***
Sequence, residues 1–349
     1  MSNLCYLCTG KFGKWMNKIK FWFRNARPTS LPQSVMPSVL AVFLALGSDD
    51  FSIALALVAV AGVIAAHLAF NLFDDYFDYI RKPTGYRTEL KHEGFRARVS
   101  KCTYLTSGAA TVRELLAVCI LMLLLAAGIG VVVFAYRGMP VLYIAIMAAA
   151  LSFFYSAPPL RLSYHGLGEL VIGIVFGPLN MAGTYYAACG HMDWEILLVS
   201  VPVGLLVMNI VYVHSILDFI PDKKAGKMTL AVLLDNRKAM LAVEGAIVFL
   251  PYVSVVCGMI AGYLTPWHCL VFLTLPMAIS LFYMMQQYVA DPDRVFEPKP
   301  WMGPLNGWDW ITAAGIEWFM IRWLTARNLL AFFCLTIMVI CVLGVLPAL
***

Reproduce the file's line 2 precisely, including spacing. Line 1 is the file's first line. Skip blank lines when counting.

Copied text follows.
     1  MSNLCYLCTG KFGKWMNKIK FWFRNARPTS LPQSVMPSVL AVFLALGSDD